Developers have called on Greater Bendigo council to further expand its city boundaries in response to rapid growth to ease the problem.
With construction of the $630 million New Bendigo Hospital on the near-horizon, there is a fear the city’s rental squeeze will intensify.
Despite the popularity of recent housing subdivisions, such as Jackass Flat, Bendigo’s rental vacancy rate is almost zero.
Bendigo’s two biggest rental agencies – Tweed Sutherland Real Estate and Dungey Carter Ketterer – are running near-zero vacancy rates.
The vacancy rate at TSFN has fluctuated between zero per cent and 0.5 per cent in the past two years. This week it is 0.1 per cent.
DCK’s vacancy rate this week is 0.4 per cent.
Both agencies said this time of year is usually the easiest time to find a rental house.
According to affordable housing organisation Haven, median rents have risen significantly in Bendigo, with the cost of renting a two-bedroom unit up 15.3 per cent, and 12.5 per cent for a three-bedroom house in the past year.
However, it is not just those struggling with housing affordability feeling the pinch.
At least one large, international Bendigo-based business recently employed 10 people from outside the region.
It is struggling to bring them to Bendigo to start work, because they cannot find rental accommodation while they settle into the city.
Greater Bendigo council last week voted to ask for the city’s Urban Growth Boundary to be extended to accommodate a planned 1400-lot subdivision at Maiden Gully.
Property developers and real estate agents applauded the move, but believe it should be just the start.
They believe further extending the growth boundary is the only way to ease the rental squeeze.
They also claim council is not planning ahead enough, and should be looking to extend it’s boundaries further.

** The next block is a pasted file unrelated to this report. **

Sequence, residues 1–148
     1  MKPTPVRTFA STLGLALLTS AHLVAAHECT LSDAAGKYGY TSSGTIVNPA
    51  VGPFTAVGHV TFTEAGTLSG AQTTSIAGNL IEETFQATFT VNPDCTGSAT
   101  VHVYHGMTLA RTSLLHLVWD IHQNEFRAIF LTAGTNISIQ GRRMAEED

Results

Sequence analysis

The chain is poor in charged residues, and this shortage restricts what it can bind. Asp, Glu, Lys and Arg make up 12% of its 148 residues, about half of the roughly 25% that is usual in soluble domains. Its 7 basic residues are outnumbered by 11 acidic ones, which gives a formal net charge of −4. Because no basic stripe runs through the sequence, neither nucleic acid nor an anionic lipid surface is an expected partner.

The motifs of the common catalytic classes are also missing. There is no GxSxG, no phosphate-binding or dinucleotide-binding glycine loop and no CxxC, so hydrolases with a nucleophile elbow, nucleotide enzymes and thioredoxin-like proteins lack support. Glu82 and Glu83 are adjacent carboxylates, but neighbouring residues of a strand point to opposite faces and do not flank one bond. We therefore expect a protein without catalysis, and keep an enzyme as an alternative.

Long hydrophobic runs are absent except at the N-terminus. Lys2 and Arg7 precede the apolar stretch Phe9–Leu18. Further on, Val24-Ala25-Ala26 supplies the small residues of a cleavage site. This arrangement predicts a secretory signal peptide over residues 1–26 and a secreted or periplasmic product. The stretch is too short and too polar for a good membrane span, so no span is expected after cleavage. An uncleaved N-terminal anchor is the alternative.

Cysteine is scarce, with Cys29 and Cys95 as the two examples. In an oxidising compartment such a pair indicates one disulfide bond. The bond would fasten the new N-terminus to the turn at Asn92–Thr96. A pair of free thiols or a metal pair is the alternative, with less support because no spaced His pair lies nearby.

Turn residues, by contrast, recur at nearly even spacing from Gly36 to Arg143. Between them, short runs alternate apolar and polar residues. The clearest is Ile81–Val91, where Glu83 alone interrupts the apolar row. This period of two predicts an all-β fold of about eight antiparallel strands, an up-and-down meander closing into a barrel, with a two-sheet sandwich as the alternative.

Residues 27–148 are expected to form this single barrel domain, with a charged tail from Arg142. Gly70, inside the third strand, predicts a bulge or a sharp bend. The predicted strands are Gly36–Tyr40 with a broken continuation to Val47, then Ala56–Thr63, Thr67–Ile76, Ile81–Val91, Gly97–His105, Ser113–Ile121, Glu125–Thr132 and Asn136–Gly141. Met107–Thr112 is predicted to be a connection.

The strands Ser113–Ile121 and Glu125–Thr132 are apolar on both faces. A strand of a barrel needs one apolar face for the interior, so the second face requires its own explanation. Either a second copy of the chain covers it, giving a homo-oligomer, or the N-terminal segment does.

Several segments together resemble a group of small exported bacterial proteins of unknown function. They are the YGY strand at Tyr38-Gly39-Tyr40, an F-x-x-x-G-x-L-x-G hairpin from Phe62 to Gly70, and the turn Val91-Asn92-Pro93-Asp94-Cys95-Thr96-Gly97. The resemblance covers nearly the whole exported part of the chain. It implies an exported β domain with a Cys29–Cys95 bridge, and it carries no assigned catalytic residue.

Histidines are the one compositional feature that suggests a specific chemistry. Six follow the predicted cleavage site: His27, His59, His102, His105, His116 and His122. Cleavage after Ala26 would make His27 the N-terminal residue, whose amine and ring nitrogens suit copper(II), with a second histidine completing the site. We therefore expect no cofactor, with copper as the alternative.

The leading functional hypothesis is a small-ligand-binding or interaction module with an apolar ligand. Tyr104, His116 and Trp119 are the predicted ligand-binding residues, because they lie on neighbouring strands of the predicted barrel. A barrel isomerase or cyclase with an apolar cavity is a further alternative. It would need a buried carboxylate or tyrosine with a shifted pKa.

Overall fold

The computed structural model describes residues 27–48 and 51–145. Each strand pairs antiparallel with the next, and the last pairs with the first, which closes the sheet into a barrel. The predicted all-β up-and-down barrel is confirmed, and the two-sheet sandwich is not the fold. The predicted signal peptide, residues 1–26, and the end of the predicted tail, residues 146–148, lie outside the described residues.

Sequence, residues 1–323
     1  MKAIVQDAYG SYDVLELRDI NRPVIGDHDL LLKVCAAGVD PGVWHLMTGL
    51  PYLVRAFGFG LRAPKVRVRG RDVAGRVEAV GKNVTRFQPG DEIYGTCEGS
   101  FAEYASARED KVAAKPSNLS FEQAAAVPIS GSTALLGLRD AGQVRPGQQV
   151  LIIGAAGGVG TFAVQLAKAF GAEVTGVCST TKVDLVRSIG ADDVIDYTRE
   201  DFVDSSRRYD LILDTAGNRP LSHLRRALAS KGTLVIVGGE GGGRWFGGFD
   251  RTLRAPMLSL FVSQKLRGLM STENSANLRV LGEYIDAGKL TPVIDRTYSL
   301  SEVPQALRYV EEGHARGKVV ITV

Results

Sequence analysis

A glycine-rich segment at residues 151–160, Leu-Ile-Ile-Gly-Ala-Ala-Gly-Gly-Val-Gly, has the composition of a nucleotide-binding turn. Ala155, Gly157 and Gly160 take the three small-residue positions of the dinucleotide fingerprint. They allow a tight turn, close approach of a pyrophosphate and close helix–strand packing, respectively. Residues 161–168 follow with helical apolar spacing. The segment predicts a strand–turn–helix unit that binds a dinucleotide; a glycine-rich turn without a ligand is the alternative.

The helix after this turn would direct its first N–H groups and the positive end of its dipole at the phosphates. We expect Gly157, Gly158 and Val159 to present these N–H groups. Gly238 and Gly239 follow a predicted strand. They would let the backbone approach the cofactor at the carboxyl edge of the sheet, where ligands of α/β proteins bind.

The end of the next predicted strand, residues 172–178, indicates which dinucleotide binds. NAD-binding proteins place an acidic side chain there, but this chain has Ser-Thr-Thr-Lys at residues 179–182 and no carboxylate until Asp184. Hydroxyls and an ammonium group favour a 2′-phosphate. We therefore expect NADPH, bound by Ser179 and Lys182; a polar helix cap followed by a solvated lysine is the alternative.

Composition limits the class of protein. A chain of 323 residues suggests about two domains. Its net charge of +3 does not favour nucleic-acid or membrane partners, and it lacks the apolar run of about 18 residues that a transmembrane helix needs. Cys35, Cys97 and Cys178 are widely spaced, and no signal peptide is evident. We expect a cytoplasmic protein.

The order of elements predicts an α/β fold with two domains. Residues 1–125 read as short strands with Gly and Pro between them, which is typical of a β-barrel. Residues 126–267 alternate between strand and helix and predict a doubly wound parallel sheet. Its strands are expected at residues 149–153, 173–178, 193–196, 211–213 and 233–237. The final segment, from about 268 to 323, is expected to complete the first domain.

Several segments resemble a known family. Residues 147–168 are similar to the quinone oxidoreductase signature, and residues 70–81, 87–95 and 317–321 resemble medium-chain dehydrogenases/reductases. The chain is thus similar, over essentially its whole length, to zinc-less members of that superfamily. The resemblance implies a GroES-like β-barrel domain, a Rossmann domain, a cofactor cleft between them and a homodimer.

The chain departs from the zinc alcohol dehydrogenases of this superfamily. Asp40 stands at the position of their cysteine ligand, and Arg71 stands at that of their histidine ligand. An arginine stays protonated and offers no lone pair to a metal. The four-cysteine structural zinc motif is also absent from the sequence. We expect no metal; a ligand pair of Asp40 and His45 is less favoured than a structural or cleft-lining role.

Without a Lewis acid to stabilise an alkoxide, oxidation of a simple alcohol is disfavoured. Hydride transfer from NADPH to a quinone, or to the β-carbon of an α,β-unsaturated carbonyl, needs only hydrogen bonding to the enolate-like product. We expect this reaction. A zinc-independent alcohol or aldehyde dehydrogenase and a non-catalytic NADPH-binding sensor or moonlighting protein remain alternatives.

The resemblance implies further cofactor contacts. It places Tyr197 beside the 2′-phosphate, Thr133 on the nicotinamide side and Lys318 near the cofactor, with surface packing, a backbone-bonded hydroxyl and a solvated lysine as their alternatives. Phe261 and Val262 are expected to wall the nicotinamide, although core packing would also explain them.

“The lack of accommodation is this city’s biggest issue, cheap rent up to dear rent,” developer Don Erskine said.
“Without doubt it is holding people back from coming to Bendigo.”
Mr Erskine said the city’s vacancy rate was stymying growth now, a situation that would get worse.
“We haven’t even started building the hospital yet and we can’t get accommodation,” he said.
“Ordinary workers can’t get rental accommodation now. It is stymying our growth.
“In two or three years time where are we going to put all these people?
“The rental market is going to climb. The cost of renting will skyrocket.”
Mr Erskine said the solution was to open the city up and pinpoint areas such as Lockwood and Ravenswood as future suburbs.
“Lockwood is a monty sitting out there, all in five and 10 acre lots,” he said.
“In Ravenswood it is about 2000 acres all over one title.”
Villawood Properties director Rory Costelloe agreed areas to Bendigo’s south were good options.
He called for action, criticising the Greater Bendigo council for not moving fast enough.
“Where is the vision for the whole of Bendigo for the next 20 to 30 years?” he said.
“Bendigo council pats themselves on the back for their forward vision but we haven’t seen too much of it.
“(They) really have no long-term vision, no long-term planning. We need a long-term plan.”
Council Planning and Development director Prue Mansfield said council was aware of the issues and was addressing them.
She said council’s work in reviewing its residential growth strategy, which is under way, could include looking at extending the Urban Growth Boundary.
“We know there is really strong demand in the city,” she said.
“We also know, through our audit work we have done, we have a 15 to 18 year land supply available now.
“Any allegations there are only one or two years left are not right.”
Ms Mansfield acknowledged some processes in the past had taken too long.